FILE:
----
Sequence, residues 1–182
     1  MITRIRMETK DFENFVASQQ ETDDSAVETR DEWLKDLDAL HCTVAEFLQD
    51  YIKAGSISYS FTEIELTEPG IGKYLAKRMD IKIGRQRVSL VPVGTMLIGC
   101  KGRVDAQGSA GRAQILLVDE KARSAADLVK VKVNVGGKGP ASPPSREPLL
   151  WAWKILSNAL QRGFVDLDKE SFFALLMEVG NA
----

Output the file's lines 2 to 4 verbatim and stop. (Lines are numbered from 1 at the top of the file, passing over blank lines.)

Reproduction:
     1  MITRIRMETK DFENFVASQQ ETDDSAVETR DEWLKDLDAL HCTVAEFLQD
    51  YIKAGSISYS FTEIELTEPG IGKYLAKRMD IKIGRQRVSL VPVGTMLIGC
   101  KGRVDAQGSA GRAQILLVDE KARSAADLVK VKVNVGGKGP ASPPSREPLL